You don’t need a lesson in Buddhism to know the value of compassion in solving problems in the workplace. When facing stress on the job, an employee oftentimes holds their emotions in for a long time before coming forward. When the flood gates open, be prepared to understand how they feel; realize the fear that kept them quiet for so long.
Here are a few tips on turning down the volume and forging an agreeable, quick solution.
- Pause. Let them speak. Information is power.
- Allow emotions to release. If they are ranting, allow it for a few minutes. Let them purge the pain. Stop them when they begin repeating the same point.
- Get the facts. Focus on the facts only. Avoid letting the employee revert to emotion. We’re at the problem-solving stage now.
- Assess the facts. How serious is the problem? Do you need a specialist? An investigation?
- Hire outside professionals to investigate any cases of sexual harassment, bullying, racism or LGBQT bigotry.
- Resolve inhouse if the matter involves people not getting along, lack of cooperation, dysfunction between departments. These issues can be resolved quickly if you can get all parties talking. When they are face to face with the manager, in a relaxed environment (outdoors if the weather is good). You can isolate the problem, encourage staff to interact with their ideas to solve it. Keep quiet as much as you can. A pregnant pause gives birth to chatter. If ideas come from them, as opposed to an HR authoritarian directive, it is more authentic and they get the credit for solving it. They feel empowered. You just opened the door.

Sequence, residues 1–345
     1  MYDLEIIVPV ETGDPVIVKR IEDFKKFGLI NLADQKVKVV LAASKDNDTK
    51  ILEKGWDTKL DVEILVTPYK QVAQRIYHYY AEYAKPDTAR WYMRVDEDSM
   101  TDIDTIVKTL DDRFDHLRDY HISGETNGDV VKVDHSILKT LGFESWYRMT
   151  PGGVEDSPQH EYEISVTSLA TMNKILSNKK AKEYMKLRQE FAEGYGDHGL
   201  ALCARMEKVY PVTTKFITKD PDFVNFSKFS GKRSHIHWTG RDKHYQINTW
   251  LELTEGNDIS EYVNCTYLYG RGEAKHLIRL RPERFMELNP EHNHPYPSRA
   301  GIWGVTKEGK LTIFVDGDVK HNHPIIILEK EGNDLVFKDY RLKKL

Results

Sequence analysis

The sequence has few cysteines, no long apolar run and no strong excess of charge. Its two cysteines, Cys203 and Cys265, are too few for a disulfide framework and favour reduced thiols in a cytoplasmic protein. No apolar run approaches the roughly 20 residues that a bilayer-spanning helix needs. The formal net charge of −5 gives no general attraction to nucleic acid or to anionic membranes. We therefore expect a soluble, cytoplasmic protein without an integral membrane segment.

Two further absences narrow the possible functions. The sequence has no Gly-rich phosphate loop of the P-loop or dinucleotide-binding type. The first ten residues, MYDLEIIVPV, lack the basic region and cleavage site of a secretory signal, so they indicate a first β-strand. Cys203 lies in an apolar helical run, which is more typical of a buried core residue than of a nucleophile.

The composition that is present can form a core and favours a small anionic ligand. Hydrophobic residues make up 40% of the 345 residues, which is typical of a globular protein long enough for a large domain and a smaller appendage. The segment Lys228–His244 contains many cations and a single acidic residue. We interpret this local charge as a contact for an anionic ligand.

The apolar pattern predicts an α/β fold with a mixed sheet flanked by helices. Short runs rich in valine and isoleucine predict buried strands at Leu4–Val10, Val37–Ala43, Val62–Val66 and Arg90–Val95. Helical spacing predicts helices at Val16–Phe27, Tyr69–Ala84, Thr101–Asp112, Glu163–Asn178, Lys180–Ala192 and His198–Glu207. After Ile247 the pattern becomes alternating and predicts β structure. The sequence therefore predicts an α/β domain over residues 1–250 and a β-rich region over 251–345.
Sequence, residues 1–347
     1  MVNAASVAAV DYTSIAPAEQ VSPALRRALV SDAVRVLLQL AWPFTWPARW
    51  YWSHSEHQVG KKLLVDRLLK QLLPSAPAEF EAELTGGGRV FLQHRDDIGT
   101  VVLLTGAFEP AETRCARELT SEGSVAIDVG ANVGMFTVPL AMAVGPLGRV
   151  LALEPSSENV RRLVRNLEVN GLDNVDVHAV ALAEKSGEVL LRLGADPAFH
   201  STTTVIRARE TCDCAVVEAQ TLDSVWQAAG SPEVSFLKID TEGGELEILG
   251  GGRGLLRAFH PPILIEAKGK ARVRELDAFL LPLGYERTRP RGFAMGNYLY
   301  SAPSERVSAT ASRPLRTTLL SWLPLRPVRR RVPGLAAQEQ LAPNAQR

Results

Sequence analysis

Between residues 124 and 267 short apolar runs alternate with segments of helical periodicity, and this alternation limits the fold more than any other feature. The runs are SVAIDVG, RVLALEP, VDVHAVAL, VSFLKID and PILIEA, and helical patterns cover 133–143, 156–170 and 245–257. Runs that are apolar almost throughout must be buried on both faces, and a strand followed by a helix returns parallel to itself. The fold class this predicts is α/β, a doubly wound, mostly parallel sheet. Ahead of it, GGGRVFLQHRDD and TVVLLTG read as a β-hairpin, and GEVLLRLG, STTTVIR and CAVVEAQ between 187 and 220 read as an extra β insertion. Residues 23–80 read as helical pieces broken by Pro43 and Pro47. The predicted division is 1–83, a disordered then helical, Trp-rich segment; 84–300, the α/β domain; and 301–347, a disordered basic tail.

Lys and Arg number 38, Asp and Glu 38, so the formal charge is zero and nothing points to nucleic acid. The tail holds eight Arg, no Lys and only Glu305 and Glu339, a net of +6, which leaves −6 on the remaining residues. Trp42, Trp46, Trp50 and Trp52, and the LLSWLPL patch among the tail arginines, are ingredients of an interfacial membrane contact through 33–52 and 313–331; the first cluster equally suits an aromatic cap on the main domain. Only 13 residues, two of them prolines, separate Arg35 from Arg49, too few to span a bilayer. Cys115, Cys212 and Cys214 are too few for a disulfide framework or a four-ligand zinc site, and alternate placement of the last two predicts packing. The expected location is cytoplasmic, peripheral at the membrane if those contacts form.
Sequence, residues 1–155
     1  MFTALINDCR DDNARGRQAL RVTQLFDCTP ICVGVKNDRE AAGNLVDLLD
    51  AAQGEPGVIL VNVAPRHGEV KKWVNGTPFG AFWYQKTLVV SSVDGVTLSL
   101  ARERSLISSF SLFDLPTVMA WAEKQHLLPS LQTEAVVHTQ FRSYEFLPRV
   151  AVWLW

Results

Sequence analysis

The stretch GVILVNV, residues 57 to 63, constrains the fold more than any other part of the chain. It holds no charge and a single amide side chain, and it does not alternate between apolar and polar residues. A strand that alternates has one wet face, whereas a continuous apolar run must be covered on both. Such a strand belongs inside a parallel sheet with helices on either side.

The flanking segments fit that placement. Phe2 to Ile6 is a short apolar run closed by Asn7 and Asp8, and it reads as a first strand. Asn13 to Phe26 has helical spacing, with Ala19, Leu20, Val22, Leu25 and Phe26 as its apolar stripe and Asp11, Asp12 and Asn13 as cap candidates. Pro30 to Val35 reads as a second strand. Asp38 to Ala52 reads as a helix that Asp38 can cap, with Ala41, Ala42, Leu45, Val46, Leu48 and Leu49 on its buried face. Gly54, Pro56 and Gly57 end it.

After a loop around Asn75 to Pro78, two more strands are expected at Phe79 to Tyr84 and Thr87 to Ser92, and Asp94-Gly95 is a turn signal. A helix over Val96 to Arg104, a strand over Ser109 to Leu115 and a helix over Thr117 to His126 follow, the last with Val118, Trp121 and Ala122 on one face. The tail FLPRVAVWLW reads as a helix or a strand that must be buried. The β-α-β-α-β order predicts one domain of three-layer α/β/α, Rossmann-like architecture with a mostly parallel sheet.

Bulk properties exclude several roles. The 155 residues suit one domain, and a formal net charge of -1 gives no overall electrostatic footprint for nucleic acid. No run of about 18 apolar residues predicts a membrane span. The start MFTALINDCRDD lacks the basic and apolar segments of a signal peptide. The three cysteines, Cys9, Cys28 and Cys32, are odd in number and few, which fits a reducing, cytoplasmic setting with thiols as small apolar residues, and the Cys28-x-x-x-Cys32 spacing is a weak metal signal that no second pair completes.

- Learn from conflict. When the employees involved also show compassion toward one another, it triggers cooperation of among all parties.
What if you are the problem?
- Listen. Acknowledge the feedback. If you are silent, people often keep talking.
- Be Switzerland. Stay neutral. This is not a family criticism where you can be defensive, get mad and your partner still loves you later. You have one shot to get this right. Keep your emotional distance. Think before you speak.
- Do not take it personally. Do not hold a grudge. The best outcome is a positive solution that satisfies everyone.
- Ask them what they would do if they were you.
- Assure them you will assess the information they’ve given and you will rejoin them in no more than 1 week to discuss an equitable solution. Don’t ignore it or you’ll break their trust and alienate them forever.
- Follow-up the next week to see how the plan is going.
- Encourage them to be kind to themselves and speak up earlier rather than hold frustration in. Let them know that you are there for them. You are rooting for their success.
- Assure them there should be no fear of consequences for speaking up. Every problem has a solution.
By empowering staff to solve problems with a little guidance from you, you are building mutual trust and facilitating a culture of openness and freedom of expression. When you infuse fun team training games into the mix, authenticity flourishes. Fun breaks the tension and people can be their true selves.